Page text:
The Petrolia, a semi-submersible with a conventionally positioned lifeboat

In an industry which is fixated with acronyms, lifeboats have not escaped, and since the most commonly installed are totally enclosed, to cope with the possibility of fire on the sea surface they are known as “TEMPSC” (Totally Enclosed Motor Propelled Survival Craft), although in this article they will continue to be called “lifeboats”, because, lets face it, that’s what they are. The siting and operation of these craft have been influenced by a number of disasters offshore, most notably the Alexander Keilland in Norwegian waters in 1980, the Ocean Ranger offshore Canada in 1982 and the Piper Alpha disaster in the UK 1988.

In all cases the existing lifeboat systems were found wanting. On the Alexander Keilland four of the lifeboats were lowered to the water without problems, but in the extremely rough seas prevailing at the time, the crews found it impossible to release the falls, and as a result the boats were thrown against the rig structure and suffered damage. The Ocean Ranger capsized in hurricane force winds off the coast of Newfoundland, with the loss of the lives of all 82 personnel on board. Although there were no witnesses to the evacuation efforts on the rig, one of the boats got away but was seen to be damaged during the time that efforts were being made to recover the survivors to the Seaforth Highlander. Unfortunately before anyone could be rescued the boat capsized and everyone was lost in the freezing water. At Piper Alpha no boats got away. Almost as soon the accident occurred the communications were destroyed, and so no formal evacuation processes were put in place, however a number of recommendations regarding evacuation means were made by the court of enquiry.

The failure of the survivors to release the boats from the falls on the Alexander Keilland has resulted in the almost universal adoption of on load release gear, to allow the boats to get away once in the water. The related IMO resolution requires the designers to put in place some sort of safety system which will ensure that the boats are actually in the water before release can take place, but as all readers of this article will know, the inadvertent release of one or both ends of lifeboats while still in the stowed position, or on the way down, has resulted in many accidents and a number of fatalities. Probably most recently, while a boat was being recovered after a drill on the semi-submersible Pride of Rio de Janeiro in Portland, Oregon, the release gear failed and the boat fell sixty feet into the water. One of the three people on board died and the other two were injured.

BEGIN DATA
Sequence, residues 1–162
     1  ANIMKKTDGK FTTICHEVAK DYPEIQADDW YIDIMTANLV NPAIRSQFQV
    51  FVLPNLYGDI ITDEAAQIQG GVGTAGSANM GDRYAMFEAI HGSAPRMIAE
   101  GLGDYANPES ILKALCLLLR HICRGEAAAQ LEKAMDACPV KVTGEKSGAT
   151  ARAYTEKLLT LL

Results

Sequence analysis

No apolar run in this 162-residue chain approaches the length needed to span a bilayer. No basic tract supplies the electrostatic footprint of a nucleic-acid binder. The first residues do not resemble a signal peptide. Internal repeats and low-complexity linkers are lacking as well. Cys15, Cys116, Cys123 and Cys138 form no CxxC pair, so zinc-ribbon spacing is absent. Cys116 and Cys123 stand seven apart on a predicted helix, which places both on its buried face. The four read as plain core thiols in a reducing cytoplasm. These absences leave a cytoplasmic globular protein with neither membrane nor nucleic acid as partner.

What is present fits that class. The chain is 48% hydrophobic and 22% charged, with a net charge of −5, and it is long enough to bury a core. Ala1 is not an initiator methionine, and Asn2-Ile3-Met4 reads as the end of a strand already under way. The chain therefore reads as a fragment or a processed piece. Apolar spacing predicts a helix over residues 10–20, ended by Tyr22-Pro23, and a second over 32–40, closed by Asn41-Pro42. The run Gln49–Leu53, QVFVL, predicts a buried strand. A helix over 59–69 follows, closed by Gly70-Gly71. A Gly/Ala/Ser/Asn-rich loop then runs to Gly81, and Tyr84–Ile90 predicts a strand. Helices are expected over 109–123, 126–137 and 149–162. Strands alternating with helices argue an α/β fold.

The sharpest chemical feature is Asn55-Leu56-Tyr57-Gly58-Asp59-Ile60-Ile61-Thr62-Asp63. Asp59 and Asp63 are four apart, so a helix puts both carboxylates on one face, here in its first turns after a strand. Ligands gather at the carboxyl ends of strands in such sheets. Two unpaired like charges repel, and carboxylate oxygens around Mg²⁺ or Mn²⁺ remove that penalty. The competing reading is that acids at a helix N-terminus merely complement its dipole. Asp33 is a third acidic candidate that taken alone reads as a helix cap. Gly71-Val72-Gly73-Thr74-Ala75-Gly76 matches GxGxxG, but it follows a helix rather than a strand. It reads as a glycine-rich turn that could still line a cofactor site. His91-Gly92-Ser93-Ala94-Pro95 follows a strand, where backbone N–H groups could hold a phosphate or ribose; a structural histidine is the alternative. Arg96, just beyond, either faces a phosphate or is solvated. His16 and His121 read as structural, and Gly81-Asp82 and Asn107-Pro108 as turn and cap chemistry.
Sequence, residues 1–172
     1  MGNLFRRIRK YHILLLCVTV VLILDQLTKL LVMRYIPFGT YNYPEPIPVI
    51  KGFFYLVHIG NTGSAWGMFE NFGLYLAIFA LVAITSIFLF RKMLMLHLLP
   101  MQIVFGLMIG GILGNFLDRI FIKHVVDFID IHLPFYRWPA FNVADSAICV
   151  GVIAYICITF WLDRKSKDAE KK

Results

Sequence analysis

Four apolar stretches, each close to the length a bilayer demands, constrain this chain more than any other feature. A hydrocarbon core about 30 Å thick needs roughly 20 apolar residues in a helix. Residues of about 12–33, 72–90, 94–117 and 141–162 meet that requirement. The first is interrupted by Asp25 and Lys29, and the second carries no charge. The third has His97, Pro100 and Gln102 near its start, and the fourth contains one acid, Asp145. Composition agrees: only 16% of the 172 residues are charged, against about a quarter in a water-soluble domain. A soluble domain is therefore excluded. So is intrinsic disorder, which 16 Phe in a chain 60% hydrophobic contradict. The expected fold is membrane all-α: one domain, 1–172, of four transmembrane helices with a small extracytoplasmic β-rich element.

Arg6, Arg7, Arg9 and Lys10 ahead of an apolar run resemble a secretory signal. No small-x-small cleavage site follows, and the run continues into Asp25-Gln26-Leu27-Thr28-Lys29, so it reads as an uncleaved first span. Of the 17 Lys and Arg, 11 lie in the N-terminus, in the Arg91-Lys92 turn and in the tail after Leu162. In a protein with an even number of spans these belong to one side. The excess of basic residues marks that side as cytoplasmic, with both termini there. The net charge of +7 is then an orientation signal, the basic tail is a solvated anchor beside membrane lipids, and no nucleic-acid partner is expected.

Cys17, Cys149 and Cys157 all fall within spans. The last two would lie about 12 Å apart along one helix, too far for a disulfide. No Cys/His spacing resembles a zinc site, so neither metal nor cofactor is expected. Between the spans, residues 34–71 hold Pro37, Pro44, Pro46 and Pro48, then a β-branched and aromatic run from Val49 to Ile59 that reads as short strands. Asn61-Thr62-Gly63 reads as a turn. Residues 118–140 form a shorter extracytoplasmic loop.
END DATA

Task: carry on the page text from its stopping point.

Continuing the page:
In Canada the authorities have concentrated on the means of ensuring that the boats, if used, will not be set back against the structure and as a result the “PROD” (Preferred Orientation and Displacement System) is an essential component of all lifeboat systems there. The PROD system consists of a very long fibreglass pole from the end of which a wire is attached to the bow of the related boat. When the boat is stowed the prod is vertical and as the boat is lowered the prod takes up a horizontal position and bends as the boat enters the water. When the falls are released the boat is pulled away from the installation.